Thursday, October 9, 2014

Enjoy the Show!

BakeHouse Team: Wade & Jodi Richardson, Jolan Conan, Tom and Kathy Hester

Friday, August 8, 2014

Hey BakeHouse . . . what's for lunch!

If only I could post Aroma Blogs . . . now THAT would be amazing! Wednesday morning I roasted the Pork Loin made German Potato Salad and cooked up the Sauerkraut. The aroma reminded me of being at my Aunt Elsie and Uncle Paul's house as a kid. Even though we're Hungarian, many of these basic recipes are common throughout Europe. I've decided to include them at the end of this blog in case you wish to create your own amazing lunch :) I do know that you can purchase Vollkornbrot at any fine grocer, and on the East Coast you can get loaves at ShopRite and also Aldi. Aldi being my first choice since they are a German Grocery Chain and import the bread from Germany:) I wish there were an Aldi here in Las Cruces!

Cutting the very first slice of Vollkornbrot was like opening my very first gift on Christmas morning - the one with the biggest bow of course.

The crumb was dense and just moist enough. The loaf weighs 3 1/4lbs!
I did end up making a second loaf on Thursday since it was obvious the first loaf was going to disappear by the end of the week.

It's so dense that it's very easy to slice it very thin with a bread knife.
And then I assembled my sandwich . . .

Sliced Vollkornbrot, a slather (my Grandmother always used this word) of German Mustard, Havarti Cheese,
Sauerkraut (just warm enough to soften the cheese) and sliced Pork Loin.
To balance out my meal, I added 4 fresh figs from our fig tree (these are Celeste Figs) and
finished it off with a serving of German Potato Salad.
I filled my glass with Peach Ice Tea and headed out to our little dining sanctuary  . . .

Located right outside the BakeHouse Oven building
I closed my eyes and took my first bite and  . . . . .visions of Nienburg danced in my head . . . opps, there it goes again, what is the deal . . . . . . anyway, THIS my friends is what fuels my passion for the breads I bake. I love the way food can literally transport you to some wonderful place and for a moment, even if only a brief moment, you take a deep breath, and as you savor the food, you let out a long breath and all the troubles and stresses of the day just melt away . . . 

Ich werde nach Nienburg Deutschland gehen, um zu lernen, wie man authentische Roggenbrot zu machen.

Wait - what the heck is going on with this blog?
Stay tuned friends, stay tuned :)


Sauerkraut is my own concoction:
1 15oz can of Sauerkraut - rinsed and drained really well.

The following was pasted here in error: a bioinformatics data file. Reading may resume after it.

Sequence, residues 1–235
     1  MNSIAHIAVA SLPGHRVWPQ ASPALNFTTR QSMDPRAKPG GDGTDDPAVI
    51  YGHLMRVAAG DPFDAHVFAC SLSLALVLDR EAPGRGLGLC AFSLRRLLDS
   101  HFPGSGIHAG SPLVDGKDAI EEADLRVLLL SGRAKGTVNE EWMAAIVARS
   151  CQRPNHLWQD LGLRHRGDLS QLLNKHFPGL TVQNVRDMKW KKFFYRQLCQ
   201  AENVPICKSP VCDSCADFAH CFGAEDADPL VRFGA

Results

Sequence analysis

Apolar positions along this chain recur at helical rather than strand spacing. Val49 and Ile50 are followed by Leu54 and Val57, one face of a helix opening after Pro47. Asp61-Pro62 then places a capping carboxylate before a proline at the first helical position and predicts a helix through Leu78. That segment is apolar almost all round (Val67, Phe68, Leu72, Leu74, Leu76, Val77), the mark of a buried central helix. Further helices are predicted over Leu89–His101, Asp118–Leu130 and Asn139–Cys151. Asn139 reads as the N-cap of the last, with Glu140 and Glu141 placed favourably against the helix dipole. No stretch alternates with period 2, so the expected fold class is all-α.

1 medium Red Onion - or white Onion - the Red makes it sweeter
1 large clove of Garlic minced
2 TBSP Butter and 1 TBSP Olive Oil
1/2 Cup of dry white wine
Melt the butter with the Olive Oil and sautée the onions until they are softened.
Add the minced Garlic and stir in the pot for a few minutes with the onions. Don't let the Garlic brown.
Add white wine and then the Sauerkraut. Stir to combine all the ingredients.
Put on very low heat and cook for about an hour or more. You'll need to add little amounts of water along the way so that the mix doesn't burn. The goal here is to cook it on low heat for a long time to soften the sauerkraut. A crock pot would do the trick too, just make a larger amount unless you have one of those mini crock pots!

Monday, August 4, 2014

A few of my favorite things . . . .

I get the same question almost every Saturday when BakeHouse is at the market, "which bread is your favorite?"

It's one of the questions that I sometimes find hard to give a straight answer to. So basically I share that it depends on the rest of the meal. I know, it's a rather vague answer, but it does allow me to ask a question back, "what are you thinking of serving with your bread?".

We sure love to talk about what we like to eat don't we! I enjoy how excited our customers get when they plan a meal around one of our loaves of bread. When they arrive at the market to make their purchase, we get to hear all about it. And this time of year, they usually have their tote bags and arms filled with amazing fresh produce to go along with their menu!

Today was my day off and I had fun making my favorite bread, Vollkornbrot. We don't currently make this bread to sell at the market, so it's a real treat. This bread is 100% Sourdough Rye. It's very dense, dark and extremely aromatic. And now that it's baked, I have to wait two more days before I can slice into it! It's pure torture, but worth the wait. After it cools I'll wrap it in a linen and put it aside to let it continue to mature and develop layers of flavor, almost like a fine wine.

I'm going to roast a small pork loin, purchase some Havarti and German Mustard, and on Thursday I'm going to make my sandwich, close my eyes and take that first bite and find myself transported to Nienburg Germany in March 2015 . . . ohhhh yum. Opps! Wait, what did I just say?